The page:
I don't see the advantage of the 6.5 PCR over the 6.5 CM. Hell, I barely think 6.5 CM is really that much better than .308 other than competition. Personally, I want the extra range that the 6.5 CM doesn't offer, I'm going up to the .338 LM.
338 LM won't fit in the MDR either Wink

Sent from my SM-G950U using Tapatalk

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whiskey91lima
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« Reply #96 on: March 13, 2018, 11:12:39 PM »

I think it's fair to state that other firearms manufacturers recognize the MDR for what it is: a giant step in the right direction. Therefore, I'm discouraged that this forward-thinking design doesn't allow for expanding its cartridge list to include short-action magnum cartridges.

There's a joke that has more than a bit of truth in it; fifty percent of the price of any modern weapons system will cover 85% of its capabilities, while the other fifty percent covers the last 15% of the specification.  If DT had made the MDR capable of handling a barrel that could accommodate a magnum diameter cartridge like the 6.5PCR, then the weight would have gone up even more, the cost would have gone up, and the whole design would have been that much larger and beefier. 

While the 6.5PCR looks like a good cartridge, I don't think there is much consumer interest in adding that 50% cost for 15% capability, especially when popular (and affordable) options such as the 6.5 Creedmore are available.  I plan on eventually buying a Falkor Petra, but have backed off wanting it in .300 Norma Magnum after realizing that if I fired 150 rounds, I'd have just spent a car payment's worth of ammo.

I don't see the advantage of the 6.5 PCR over the 6.5 CM. Hell, I barely think 6.5 CM is really that much better than .308 other than competition. Personally, I want the extra range that the 6.5 CM doesn't offer, I'm going up to the .338 LM.
338 LM won't fit in the MDR either Wink

Sent from my SM-G950U using Tapatalk



Absolutely, but I wouldn't be building a rifle for that use as a semi-auto.
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SHORT-N-SASSY
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« Reply #97 on: March 14, 2018, 03:29:22 AM »

. . . 1. It wont fit in the MDR, the barrel extension geometry wont allow it. . . .


Please explain.



Now, it's clear that the ".532" in the upper-half of your diagram refers to the maximum diameter of the Hornady 6.5 PRC cartridge case. What's not clear, however, is whether the ".479" in the lower-half of your diagram refers to the rear diameter of the chamber (assuming it to be for the 7.62x51mm NATO cartridge), or the distance between opposing tapered lug tips at the rear of the Barrel Extension. Please clarify. Also, what is the outside diameter of the MDR Barrel Extension used for the 7.62x51mm NATO cartridge.
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coldboremiracle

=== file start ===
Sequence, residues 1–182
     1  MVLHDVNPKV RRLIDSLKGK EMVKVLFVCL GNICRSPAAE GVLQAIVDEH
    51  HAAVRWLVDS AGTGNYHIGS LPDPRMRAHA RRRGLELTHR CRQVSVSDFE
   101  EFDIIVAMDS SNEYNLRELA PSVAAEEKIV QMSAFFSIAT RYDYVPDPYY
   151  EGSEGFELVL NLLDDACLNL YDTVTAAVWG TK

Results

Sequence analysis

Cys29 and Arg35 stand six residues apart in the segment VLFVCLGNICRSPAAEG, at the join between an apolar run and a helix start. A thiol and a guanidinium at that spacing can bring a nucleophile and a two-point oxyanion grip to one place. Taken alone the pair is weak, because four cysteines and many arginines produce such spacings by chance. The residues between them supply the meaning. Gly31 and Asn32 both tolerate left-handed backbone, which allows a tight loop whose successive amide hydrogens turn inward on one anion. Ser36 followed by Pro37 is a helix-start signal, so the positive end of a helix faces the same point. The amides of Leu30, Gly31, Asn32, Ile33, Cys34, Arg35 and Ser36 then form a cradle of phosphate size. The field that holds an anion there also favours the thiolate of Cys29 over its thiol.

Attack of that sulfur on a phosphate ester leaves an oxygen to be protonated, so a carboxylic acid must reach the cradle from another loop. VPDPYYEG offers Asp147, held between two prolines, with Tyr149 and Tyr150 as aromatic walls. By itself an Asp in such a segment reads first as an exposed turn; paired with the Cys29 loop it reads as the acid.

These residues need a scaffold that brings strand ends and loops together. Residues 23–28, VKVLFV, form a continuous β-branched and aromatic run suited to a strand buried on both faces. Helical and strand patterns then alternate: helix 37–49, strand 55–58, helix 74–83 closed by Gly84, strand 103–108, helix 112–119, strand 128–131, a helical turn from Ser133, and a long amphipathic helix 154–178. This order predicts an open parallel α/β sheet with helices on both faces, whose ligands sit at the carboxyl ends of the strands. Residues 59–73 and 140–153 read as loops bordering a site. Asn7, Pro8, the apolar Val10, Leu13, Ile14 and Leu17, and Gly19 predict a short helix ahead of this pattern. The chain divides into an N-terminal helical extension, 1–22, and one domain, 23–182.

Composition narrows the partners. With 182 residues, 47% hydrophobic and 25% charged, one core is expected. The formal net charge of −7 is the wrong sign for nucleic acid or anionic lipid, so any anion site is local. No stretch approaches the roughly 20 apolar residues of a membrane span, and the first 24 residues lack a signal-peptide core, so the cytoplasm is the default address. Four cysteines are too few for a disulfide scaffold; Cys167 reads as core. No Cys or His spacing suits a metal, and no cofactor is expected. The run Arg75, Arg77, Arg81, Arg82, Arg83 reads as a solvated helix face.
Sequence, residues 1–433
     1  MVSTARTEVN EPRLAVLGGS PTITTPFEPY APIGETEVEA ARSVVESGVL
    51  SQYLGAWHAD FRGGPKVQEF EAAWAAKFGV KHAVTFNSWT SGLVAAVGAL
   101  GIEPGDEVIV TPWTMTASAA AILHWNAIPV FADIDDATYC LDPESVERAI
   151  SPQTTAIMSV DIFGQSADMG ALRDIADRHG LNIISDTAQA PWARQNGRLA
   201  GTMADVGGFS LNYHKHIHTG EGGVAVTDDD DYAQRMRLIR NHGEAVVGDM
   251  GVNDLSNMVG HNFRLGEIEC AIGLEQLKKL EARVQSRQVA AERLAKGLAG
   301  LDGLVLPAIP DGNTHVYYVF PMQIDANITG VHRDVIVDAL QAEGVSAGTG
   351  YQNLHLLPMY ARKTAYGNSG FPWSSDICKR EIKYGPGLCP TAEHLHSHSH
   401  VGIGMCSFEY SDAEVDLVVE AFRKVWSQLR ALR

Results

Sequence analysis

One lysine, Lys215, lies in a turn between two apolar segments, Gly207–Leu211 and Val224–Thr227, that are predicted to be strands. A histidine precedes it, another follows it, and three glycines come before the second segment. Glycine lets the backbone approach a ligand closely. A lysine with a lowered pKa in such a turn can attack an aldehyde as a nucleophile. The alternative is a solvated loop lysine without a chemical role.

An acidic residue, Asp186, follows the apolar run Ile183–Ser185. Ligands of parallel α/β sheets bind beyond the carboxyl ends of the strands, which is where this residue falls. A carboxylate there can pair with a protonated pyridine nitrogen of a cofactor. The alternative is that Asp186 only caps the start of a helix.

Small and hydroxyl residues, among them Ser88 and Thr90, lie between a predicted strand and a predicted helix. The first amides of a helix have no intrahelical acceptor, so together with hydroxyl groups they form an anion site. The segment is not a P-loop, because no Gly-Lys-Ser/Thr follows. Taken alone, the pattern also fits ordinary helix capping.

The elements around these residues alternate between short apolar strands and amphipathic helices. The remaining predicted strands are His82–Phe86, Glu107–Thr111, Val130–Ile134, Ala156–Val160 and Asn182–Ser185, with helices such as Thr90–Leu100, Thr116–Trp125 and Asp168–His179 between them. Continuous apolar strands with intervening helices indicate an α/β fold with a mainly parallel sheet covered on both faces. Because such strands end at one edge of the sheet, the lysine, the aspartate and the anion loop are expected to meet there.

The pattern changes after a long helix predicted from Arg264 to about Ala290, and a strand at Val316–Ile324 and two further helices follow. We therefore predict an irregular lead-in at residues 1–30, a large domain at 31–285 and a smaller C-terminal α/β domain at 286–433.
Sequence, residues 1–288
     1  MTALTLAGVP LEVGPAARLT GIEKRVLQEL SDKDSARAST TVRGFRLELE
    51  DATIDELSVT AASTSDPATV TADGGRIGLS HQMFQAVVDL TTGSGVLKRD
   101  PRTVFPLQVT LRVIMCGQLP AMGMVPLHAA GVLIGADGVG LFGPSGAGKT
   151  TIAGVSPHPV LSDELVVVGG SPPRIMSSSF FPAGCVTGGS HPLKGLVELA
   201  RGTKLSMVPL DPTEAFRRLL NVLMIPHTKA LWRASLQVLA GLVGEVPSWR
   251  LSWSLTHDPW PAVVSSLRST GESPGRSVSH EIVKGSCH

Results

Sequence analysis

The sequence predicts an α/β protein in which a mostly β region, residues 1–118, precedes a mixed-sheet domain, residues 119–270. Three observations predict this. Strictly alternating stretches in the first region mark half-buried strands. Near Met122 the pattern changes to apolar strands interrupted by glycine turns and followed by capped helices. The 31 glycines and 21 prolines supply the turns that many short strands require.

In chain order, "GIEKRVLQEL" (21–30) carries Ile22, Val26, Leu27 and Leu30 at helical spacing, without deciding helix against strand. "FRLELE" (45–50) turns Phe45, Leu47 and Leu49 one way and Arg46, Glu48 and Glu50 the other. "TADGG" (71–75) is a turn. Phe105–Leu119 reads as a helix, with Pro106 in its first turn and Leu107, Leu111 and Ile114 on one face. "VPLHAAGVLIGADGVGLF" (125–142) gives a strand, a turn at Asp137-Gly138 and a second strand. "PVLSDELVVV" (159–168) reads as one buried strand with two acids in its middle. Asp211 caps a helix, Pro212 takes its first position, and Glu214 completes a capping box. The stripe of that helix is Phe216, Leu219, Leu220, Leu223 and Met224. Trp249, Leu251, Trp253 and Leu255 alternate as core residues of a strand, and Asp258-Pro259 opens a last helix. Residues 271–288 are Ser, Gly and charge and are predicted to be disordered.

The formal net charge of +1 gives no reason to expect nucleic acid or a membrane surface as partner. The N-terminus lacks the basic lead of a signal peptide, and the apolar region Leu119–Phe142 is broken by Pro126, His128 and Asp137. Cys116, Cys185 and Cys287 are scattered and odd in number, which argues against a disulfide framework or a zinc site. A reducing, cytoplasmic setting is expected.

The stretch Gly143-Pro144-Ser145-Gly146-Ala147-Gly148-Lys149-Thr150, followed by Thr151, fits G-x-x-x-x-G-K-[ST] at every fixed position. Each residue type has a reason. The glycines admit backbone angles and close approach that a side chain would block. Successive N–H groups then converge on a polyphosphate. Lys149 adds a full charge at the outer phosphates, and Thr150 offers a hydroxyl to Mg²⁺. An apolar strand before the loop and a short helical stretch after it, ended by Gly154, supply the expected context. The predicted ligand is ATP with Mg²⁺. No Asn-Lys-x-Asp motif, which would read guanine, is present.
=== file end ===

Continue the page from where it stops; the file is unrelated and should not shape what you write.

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« Reply #98 on: March 14, 2018, 09:49:27 AM »

Now, it's clear that the ".532" in the upper-half of your diagram refers to the maximum diameter of the Hornady 6.5 PRC cartridge case. What's not clear, however, is whether the ".479" in the lower-half of your diagram refers to the rear diameter of the chamber (assuming it to be for the 7.62x51mm NATO cartridge), or the distance between opposing tapered lug tips at the rear of the Barrel Extension. Please clarify. Also, what is the outside diameter of the MDR Barrel Extension used for the 7.62x51mm NATO cartridge.

This is very long and drawn out way to get dimensions and specs on the barrel extension, you could of just asked  Roll Eyes
The .479 is the maximum diameter of anything you want to push into the breach of the MDR barrel without cutting into the barrel extension or its support ring.
The OD of the extension is 1.025"
I know it hurts Louis, but getting some oddball magnum caliber in the MDR isn't feasible, unless it is is less than .479" X 2.8". Points for imagination though Wink
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« Reply #99 on: March 16, 2018, 06:12:24 PM »

Update: So other than fedex being utterly confusing and giving me three different answers on the arrival things have gone well win the rma. I'll assume it arrived yesterday afternoon since after the debacle with fedex I called DT and asked them to let me know when or if it arrived. So as the message they had received it came in that afternoon I think it's safe to assume that as the arrival time. This afternoon I received a message with a tracking number so seems the lower is already on it's way back and should be here on the 22nd. No word on what was done to it yet will keep y'all in the loop as before.
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What ever happened to Democrat meaning drunken partying and pistol duels on the white house lawn, beating your would be assassin so senseless your security has to protect them from you, and one of your only two regrets is that you didn't kill your own vice president and running mate.